In retrospect, I should have just walked out and never looked back.

The Holiday Weekend (Already?) Week That Was

This edition of The Week That Was is sponsored by Philips square light bulbs. It’s time to change your light bulb!

Thanks to Kip for sharing that one!

Here in the United States we’ll be celebrating the life of Dr. Martin Luther King Jr., and I think the kids, the banks, and government offices (including the Post Office) have the day off. So, this was a holiday weekend.

For some reason I’ve had a lot of pain in my back and my rear end the last couple of days. I think I found the answer, though: alternate naproxen and ibuprofen. I’m doing a whole lot better. So. without further ado, here’s the summary.

The Just Jot It January prompt for the day was “pants,” and since it was a freebie week I made my list about songs with types of pants in the title. A lot of blue jeans songs. That could have almost been the list right there.

For the last non-rock act of this series, I chose Johnnie Ray, who Tony Bennett called “The Father Of Rock & Roll,” because so many singers adopted his style of singing. Nice transition there, I think.

Found a goofy picture on Facebook and shared that.

Took the word “new” as my prompt and just riffed on it for 500 words or so. I described what it was like moving to Atlanta and some of the things that happened along the way, and ended with a wistful remembrance of the days without all this electronica.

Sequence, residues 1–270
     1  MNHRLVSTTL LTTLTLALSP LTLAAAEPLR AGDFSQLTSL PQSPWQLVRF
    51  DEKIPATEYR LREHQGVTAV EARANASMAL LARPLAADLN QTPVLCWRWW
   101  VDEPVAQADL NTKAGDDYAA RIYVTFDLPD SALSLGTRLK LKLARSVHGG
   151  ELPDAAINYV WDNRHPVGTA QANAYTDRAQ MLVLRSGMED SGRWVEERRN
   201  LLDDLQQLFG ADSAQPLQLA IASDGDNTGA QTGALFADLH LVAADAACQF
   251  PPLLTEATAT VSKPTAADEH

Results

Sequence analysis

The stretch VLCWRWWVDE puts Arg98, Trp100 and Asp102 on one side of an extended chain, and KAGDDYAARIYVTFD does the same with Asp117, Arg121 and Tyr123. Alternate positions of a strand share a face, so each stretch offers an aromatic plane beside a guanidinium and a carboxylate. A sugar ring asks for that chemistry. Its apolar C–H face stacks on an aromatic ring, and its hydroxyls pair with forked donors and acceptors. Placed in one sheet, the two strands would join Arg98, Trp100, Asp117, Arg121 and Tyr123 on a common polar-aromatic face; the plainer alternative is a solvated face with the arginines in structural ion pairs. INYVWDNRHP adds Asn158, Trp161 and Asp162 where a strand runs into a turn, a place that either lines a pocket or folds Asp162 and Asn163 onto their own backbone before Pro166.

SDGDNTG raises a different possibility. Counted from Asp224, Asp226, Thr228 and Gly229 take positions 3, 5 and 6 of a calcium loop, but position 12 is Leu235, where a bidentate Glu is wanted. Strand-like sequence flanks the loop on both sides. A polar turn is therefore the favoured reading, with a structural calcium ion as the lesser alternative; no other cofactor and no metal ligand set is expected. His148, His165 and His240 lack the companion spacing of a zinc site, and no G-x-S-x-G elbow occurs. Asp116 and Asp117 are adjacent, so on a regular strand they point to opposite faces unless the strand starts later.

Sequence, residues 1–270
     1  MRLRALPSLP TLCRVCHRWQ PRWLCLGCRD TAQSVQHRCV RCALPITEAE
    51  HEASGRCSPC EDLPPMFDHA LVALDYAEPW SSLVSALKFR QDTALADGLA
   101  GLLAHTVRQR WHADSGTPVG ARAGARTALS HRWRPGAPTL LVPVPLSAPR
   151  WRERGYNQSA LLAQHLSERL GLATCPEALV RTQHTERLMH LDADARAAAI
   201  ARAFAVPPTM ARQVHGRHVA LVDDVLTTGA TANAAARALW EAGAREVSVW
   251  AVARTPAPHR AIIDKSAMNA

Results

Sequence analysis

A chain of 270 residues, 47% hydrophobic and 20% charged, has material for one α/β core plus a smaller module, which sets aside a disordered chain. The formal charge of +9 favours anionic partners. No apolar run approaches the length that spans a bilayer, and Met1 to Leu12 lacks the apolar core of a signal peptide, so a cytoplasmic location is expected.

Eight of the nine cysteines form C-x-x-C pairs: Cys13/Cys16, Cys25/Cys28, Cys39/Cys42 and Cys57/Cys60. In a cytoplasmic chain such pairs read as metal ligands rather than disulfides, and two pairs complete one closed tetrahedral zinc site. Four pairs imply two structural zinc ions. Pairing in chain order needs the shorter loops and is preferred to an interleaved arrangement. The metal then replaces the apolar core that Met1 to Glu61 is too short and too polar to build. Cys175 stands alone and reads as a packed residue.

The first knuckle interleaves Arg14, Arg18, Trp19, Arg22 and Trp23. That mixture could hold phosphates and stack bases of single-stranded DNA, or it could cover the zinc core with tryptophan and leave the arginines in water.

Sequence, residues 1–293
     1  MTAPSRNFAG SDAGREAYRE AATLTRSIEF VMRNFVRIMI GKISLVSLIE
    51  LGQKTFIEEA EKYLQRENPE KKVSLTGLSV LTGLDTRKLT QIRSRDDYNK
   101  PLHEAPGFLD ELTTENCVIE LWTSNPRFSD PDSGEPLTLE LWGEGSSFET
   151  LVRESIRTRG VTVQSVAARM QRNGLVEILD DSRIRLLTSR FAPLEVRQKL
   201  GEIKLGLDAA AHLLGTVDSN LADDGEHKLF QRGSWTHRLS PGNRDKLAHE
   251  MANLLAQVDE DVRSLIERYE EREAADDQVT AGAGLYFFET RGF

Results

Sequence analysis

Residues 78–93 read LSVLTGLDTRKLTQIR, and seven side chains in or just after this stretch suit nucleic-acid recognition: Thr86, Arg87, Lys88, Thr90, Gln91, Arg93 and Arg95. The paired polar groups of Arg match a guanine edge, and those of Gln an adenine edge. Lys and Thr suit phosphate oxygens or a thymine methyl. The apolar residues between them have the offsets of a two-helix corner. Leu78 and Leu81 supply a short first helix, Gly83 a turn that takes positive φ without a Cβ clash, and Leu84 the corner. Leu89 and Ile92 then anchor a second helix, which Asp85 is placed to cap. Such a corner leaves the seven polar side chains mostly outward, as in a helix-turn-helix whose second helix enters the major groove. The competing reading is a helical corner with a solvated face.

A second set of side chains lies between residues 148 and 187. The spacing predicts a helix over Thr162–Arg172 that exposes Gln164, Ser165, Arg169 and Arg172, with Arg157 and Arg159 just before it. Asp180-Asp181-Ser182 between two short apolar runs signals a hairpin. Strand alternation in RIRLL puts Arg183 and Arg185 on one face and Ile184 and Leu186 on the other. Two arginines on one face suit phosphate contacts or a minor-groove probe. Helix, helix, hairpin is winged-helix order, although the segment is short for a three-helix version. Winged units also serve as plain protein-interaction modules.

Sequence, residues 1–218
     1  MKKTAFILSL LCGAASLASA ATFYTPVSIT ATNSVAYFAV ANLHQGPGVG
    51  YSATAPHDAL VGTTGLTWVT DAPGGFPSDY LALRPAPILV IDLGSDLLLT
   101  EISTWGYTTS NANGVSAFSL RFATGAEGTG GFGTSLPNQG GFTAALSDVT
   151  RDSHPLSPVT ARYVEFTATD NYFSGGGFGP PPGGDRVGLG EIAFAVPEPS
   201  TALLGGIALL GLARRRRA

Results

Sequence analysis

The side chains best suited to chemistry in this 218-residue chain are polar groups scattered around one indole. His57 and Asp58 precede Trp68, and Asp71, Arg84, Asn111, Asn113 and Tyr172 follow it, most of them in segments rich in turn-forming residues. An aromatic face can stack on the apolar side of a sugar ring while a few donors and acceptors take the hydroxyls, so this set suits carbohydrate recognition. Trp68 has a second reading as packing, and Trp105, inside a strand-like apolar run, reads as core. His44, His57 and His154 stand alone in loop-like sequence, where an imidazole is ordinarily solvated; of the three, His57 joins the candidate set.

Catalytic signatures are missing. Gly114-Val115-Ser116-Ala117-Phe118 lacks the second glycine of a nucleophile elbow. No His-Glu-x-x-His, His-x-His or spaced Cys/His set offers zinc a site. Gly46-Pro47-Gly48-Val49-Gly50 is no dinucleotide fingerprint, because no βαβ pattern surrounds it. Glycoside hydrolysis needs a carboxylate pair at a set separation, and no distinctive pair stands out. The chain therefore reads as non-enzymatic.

I shared the top ten records in Chicagoland as of January 1, 1969. Always fun to go back and see what we were playing, and also how different Chicago’s top ten for the year differed from Billboard‘s, which, as it turns out, was a lot.

Had a little difficulty getting into this one, which was to take the closest bit of reading material and write a post based on the 6th, 7th, and 8th words. I had the owner’s manual for our brand spankin’ new Philips XL air fryer, and the three words I got were “welcome to Philips!” This gave me the opportunity to write about Koninlijke Philips NV, a/k/a Philips, a company that sells a lot of different items and which I’m familiar with because they’ve been around most of my life and because they shared an office building with us when I was with Geac, though I never actually met any of them. Several of you asked for information on how good the air fryer is, and I’ll do that when Mary feels up to uncrating it, setting it up and making me tater tots.

In the last (I promise) battle involving “Ghost Riders In The Sky,” Judy Collins beat Peggy Lee and Deborah Harry.

Oh yeah, and there were the Just Jot It January entries I haven’t discussed yet.

  • Sunday’s prompt was “indelible,” a synonym for “permanent,” and I talked about the hilarity that ensues when you write on a non-permanent surface with a permanent marker.
  • Tuesday’s prompt was “coffee,” and I shared the song “Java Jive,” which was the first song I heard from The Manhattan Transfer on Johnny Carson way back in 1973. I never realized this, but they’re named for a book by John Dos Passos, which I think I’d like to read. Anyone read it?
  • Thursday’s prompt was “humiliate,” so I wrote about being forced to sit with the girls one afternoon when I was in second grade, a humiliating experience because, as I explained to a couple of you, girls have cooties at that age.
  • Friday’sprompt was “aggravation,” so I shared a couple of my more recent ones.

Tomorrow, look for songs about colors. Tuesday, I’ll choose one of the important rock acts from the 1946-64 period. The rest of the week, well, you know…

Thanks to J-Dub, Kip, Eugenia, Birgit, Dan, Janet, ReoCochran, Mike, Liza, Alana, Ritu, Wendy, Judy, Joey, Uncle Jack, Mark, David, Cathy, Kat, Mme. Dreamweaver, Jim, Micki, Jenn, Capt Jill, Elen, Stephen, Lux, Mary B, Marie, Stacy, Glynis, and everyone who left me a “like.”

And that’s it for this edition of The Week That Was. See you in the funny papers!